Music

J. Cole Explains How The Book ‘New Jim Crow’ Made Him ‘Tired of Rapping About Myself’

During MLK Now, an event celebrating Martin Luther King Jr. Day yesterday, North Carolina rapper J. Cole talked about his recent turn to social consciousness in a discussion that also featured Oakland Raiders running back Marshawn Lynch hosted by Creed director Ryan Coogler. The event, which was held at New York City’s Riverside Church in Harlem, featured dialogues with other prominent celebrities and thought leaders like Ta-Nehisi Coates, Representative Alexandria Ocasio-Cortez, and New York Times “1619 Project” creator Nikole Hannah-Jones.

In his portion of the panel, Cole attributed his new direction to the book The New Jim Crow: Mass Incarceration In The Age Of Colorblindness by Michelle Alexander, which he said threw modern injustices he’d observed into relief, giving him a new lens to process them through. “Everything we saw and see just put into factual evidence of what was happening,” he says. He further revealed that after releasing 2014 Forest Hills Drive, he wanted to shift gears musically.

“After the Forest Hills Drive album, at a time in my life where I was just tired of, like, rapping about myself,” he said. “So much of my career, my art was, like, storytelling from my own perspective. I would always give you little branches of somebody else’s perspective, but so much of it was my personal journey, my personal growth, my personal flaws, this, that, and the third. And it was a time period when I was like, that was not interesting to me. What was interesting was, like, I had just moved back home, from New York back to Carolina.”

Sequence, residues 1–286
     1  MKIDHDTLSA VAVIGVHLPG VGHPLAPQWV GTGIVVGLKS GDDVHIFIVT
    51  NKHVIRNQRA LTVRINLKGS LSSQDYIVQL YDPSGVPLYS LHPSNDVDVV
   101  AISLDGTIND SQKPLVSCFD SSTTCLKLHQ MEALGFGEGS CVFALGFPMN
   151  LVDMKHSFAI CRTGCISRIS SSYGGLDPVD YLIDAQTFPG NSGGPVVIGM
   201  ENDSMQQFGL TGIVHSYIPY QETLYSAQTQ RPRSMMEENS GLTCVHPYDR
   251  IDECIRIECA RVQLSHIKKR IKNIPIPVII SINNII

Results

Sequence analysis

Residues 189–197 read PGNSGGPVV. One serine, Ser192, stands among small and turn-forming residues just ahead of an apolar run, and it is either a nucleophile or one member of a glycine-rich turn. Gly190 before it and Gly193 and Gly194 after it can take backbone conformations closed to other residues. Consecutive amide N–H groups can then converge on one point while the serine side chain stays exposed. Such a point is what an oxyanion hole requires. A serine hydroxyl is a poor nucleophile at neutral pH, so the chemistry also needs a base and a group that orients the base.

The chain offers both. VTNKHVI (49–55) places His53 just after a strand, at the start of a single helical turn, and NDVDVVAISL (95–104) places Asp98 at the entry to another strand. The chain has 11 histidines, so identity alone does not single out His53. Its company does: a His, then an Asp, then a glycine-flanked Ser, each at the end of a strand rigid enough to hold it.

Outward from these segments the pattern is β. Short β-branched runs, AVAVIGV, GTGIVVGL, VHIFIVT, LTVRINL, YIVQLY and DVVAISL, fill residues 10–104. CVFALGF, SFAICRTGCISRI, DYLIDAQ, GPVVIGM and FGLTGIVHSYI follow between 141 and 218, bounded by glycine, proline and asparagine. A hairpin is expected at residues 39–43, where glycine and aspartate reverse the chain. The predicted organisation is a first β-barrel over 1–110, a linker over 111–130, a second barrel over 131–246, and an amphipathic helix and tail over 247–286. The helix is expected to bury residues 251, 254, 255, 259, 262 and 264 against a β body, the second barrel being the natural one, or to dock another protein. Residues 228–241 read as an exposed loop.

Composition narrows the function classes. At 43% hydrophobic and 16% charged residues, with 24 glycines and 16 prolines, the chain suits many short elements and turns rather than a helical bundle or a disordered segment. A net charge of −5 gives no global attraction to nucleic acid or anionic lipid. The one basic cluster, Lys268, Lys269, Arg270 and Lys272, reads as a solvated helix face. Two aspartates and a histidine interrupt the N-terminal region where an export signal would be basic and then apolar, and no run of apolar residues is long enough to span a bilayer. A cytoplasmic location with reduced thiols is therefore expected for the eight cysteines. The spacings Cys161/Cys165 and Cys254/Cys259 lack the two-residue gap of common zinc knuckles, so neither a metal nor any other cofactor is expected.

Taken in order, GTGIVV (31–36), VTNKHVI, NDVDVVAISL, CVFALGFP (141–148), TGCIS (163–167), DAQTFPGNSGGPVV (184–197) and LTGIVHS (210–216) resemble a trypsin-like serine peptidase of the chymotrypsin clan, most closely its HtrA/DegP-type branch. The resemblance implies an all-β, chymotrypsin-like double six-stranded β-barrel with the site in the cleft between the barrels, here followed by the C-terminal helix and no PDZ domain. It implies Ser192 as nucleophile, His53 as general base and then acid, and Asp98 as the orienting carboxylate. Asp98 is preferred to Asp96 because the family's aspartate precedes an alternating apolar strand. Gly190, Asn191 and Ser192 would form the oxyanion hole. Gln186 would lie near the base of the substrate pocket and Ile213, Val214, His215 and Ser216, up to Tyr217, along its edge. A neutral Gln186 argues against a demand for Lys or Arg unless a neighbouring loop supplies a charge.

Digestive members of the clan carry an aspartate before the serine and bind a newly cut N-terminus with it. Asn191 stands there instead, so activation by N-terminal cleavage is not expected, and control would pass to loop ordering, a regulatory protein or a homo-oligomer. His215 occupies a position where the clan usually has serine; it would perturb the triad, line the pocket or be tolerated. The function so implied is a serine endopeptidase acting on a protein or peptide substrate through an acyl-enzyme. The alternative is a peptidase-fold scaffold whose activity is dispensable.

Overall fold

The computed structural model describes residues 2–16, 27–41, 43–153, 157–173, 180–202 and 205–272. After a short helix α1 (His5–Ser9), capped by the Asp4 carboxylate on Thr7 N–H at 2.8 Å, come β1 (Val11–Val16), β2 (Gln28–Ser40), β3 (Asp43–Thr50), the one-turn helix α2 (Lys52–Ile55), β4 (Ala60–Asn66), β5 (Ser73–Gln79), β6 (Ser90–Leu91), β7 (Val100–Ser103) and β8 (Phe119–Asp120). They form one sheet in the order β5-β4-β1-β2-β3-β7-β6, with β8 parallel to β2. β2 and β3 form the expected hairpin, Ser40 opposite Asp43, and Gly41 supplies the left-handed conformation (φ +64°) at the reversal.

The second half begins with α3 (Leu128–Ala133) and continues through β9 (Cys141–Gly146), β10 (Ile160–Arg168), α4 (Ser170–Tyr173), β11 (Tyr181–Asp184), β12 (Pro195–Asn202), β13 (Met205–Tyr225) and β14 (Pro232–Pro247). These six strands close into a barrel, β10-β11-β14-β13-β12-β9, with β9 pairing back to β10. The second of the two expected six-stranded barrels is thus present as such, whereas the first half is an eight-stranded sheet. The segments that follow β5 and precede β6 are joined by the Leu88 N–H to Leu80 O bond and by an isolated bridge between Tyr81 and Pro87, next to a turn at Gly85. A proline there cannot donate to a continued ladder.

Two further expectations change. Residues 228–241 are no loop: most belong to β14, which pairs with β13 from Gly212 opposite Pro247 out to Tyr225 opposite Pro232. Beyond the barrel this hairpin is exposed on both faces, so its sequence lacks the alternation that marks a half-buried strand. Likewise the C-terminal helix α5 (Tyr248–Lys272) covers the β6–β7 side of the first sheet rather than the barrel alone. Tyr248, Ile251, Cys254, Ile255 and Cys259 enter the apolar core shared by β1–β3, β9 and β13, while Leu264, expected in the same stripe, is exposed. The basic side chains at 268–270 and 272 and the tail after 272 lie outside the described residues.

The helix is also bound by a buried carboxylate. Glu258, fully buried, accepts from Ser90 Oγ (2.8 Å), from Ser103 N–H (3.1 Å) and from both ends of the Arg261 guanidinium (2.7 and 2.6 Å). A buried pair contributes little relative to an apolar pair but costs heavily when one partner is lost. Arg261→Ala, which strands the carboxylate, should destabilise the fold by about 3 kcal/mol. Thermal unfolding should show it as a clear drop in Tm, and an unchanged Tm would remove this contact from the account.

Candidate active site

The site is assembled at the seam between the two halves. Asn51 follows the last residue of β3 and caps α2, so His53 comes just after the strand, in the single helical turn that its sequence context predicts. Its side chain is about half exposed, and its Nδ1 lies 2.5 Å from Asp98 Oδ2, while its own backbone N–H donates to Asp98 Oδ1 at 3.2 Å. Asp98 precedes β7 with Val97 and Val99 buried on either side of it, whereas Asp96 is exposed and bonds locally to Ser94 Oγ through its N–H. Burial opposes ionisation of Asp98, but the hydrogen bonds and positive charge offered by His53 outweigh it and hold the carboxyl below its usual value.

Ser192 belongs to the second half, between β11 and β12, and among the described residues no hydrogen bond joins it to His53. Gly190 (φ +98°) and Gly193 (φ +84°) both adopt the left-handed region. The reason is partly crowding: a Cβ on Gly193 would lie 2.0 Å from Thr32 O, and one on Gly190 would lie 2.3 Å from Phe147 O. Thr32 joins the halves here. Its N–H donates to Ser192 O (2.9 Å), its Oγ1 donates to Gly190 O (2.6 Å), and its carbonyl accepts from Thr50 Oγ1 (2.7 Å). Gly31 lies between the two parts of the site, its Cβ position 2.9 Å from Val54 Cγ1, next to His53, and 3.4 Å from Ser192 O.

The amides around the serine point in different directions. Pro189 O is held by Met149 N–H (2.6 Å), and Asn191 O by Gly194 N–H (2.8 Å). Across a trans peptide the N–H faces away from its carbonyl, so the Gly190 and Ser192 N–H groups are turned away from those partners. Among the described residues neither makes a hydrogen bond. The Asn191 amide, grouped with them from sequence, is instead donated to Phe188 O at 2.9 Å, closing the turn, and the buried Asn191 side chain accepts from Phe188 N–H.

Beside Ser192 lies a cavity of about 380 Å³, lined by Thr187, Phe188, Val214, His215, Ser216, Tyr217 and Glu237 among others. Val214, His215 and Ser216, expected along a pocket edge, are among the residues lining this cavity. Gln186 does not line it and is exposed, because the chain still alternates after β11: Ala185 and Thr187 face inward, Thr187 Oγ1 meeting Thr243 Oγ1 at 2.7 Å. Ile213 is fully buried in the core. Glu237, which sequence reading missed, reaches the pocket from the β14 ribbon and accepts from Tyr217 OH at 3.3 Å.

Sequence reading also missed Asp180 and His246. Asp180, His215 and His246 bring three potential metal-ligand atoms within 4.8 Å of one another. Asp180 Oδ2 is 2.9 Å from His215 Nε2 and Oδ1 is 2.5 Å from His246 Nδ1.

Cole also talked about the early stages of his career and paying his dues, and traded stories with Lynch on their respective approaches to activism. You can watch the full discussion in the video above starting at around three hours, six minutes.

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